After revealing his problem, Adams went into rehabilitation, and he became one of the most high-profile recovering alcoholics in the country and founded his Sporting Chance clinic in 2000 as a way of aiding sportsmen and women with similar problems.
On the playing field, things were about to get much better for Adams too, with the appointment of Arsene Wenger. The Frenchman would go on to have a massive impact on the rest of Adams' career.
Wenger's new training methods, allied with Adams' new healthier lifestyle, undoubtedly helped extend his career by some years, and many feel brought out the best in him as a player.
In Wenger's first full season, Arsenal won the Double, with Adams an integral part. Adams perhaps best encapsulated that season by scoring the final goal in Arsenal's 4-1 victory over Everton, a victory that sealed the double.
Adams then went to the World Cup finals with England, his first appearance at that tournament, and though England lost to Argentina in the second round, Adams performed admirably throughout.
The following year was disappointing for Arsenal, as they lost out closely to Manchester United in the league, and it was not until the 2001-2002 season that Adams would get his hands on more silverware.
Meanwhile for England, Adams would go on to play at Euro 2000 before retiring from international football following a disastrous defeat against Germany at Wembley.
The 2001-2002 season, though, was a momentous one. Though Adams struggled with injuries throughout, he still contributed greatly to the team's double-winning season, and in the FA Cup final he put in a master class performance as Arsenal beat Chelsea 2-0. Adams that season became the first captain in English league football history to win the league title in three different decades.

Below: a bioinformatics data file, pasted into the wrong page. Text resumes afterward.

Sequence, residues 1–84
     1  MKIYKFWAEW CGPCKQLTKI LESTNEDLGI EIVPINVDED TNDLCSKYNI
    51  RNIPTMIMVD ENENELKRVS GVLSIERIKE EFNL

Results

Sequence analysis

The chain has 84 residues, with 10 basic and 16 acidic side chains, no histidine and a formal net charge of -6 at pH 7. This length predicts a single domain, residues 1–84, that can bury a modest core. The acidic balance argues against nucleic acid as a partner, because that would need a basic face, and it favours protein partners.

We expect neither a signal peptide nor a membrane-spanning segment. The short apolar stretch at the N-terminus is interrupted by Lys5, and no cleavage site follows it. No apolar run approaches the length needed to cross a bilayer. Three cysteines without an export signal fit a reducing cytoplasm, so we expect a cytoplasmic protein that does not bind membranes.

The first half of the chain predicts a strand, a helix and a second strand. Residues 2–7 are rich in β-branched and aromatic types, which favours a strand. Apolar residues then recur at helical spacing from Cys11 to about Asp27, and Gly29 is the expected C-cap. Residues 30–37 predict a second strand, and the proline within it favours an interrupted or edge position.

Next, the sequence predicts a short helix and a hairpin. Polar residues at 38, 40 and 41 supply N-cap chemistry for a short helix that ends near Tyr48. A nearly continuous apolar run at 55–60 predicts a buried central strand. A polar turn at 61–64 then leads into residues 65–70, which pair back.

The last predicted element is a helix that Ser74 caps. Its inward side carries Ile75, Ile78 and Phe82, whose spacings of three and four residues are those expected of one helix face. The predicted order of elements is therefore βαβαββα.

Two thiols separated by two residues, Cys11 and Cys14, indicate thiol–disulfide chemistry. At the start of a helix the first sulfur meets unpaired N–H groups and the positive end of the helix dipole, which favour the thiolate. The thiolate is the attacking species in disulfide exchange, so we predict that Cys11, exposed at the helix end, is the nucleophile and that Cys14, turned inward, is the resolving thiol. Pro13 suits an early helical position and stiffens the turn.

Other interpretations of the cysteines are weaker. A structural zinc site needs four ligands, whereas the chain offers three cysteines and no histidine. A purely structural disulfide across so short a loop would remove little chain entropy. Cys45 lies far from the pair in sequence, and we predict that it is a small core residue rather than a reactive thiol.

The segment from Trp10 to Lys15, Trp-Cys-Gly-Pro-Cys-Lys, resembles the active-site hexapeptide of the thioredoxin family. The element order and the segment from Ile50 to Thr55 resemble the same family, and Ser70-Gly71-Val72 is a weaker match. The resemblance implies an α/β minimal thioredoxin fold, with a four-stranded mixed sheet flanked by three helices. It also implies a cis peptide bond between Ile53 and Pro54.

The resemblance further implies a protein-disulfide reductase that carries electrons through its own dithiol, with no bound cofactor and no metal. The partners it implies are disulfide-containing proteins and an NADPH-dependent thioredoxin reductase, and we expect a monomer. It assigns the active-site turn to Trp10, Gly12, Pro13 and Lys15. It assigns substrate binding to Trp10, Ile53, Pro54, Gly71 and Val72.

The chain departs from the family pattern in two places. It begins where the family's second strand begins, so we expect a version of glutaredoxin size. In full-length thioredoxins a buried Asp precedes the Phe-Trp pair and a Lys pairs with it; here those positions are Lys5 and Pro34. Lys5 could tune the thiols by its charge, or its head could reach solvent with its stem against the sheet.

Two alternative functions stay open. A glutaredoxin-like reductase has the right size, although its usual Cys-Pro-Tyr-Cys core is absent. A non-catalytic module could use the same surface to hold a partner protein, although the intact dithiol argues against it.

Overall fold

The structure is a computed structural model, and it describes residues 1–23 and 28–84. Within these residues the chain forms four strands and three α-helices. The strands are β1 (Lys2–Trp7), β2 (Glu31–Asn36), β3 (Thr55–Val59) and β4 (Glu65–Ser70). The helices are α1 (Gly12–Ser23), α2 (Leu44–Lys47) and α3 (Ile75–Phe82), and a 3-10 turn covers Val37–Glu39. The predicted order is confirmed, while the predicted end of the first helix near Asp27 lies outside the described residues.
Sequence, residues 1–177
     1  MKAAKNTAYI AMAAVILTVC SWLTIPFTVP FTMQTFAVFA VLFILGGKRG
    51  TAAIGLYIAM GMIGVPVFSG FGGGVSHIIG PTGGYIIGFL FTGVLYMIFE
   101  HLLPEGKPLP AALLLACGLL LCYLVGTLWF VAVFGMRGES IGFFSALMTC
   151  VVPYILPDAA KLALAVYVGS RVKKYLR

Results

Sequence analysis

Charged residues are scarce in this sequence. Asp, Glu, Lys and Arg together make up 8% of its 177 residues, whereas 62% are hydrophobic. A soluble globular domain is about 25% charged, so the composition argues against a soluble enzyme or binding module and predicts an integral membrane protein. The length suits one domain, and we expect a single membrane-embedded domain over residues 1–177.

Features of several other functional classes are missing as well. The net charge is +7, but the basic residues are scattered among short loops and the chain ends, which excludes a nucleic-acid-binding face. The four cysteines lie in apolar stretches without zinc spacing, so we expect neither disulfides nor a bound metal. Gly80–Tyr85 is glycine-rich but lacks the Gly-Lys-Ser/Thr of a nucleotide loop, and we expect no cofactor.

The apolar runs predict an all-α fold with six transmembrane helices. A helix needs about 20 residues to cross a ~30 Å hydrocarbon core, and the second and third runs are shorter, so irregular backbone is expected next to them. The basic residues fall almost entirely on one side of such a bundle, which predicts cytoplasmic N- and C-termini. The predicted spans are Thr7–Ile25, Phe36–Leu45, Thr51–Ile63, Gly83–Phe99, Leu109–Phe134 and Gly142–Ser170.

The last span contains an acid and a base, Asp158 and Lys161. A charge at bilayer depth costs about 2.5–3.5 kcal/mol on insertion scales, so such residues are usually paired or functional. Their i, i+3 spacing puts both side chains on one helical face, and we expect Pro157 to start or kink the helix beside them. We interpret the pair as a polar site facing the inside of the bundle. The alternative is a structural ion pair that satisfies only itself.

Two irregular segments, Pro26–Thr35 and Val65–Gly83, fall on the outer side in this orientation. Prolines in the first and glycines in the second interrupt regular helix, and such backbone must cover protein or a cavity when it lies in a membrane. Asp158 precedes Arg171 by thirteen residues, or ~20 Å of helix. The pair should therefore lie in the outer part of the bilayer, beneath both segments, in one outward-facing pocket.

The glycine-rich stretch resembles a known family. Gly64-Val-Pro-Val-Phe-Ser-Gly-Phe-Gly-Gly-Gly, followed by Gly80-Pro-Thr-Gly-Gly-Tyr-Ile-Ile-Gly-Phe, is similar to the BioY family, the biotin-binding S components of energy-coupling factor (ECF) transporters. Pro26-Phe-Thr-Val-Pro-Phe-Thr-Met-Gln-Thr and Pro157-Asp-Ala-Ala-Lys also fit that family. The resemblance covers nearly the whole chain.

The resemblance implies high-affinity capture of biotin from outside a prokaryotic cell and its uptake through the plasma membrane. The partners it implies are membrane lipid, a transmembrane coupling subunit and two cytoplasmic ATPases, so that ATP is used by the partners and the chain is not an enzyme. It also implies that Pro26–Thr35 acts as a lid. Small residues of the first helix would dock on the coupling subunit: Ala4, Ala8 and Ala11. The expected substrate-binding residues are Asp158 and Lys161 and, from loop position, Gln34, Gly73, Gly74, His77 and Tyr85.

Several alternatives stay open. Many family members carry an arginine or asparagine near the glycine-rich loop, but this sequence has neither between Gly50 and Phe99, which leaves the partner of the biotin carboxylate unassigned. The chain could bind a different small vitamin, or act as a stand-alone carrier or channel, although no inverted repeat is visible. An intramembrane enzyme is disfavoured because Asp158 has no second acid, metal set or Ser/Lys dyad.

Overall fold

Following that triumph, sensing that he would be blighted further by injury struggles, Adams decided to retire from professional football, a fitting end to his career—bowing out as a winner.
In retirement, Adams has worked with his charity Sporting Chance and also worked as a pundit. He is currently Portsmouth manager, following an earlier stint with Wycombe Wanderers, and he has often talked about becoming Arsenal manager one day.
For Arsenal fans, there has arguably been no other player in the club's history who has encapsulated the spirit and quality of the club more than Tony Adams, a colossus of a defender who is considered by many as one of the finest to have played for England and Arsenal.
Sir Alex Ferguson often attempted to sign him, and at his testimonial stated, “I would love to have had him in my side, and I don't think it's any secret that there were inquiries made at one time from Old Trafford.” Pat Rice, Arsenal assistant manager, stated, “what a leader, what a player, what a man.”
As Arsenal captain, he was a figurehead for his fellow players, and was immensely popular both with team mates and fans. Certainly the phrase “cult hero” is all too fitting for a player of Adams' popularity and standing amongst the Arsenal fans.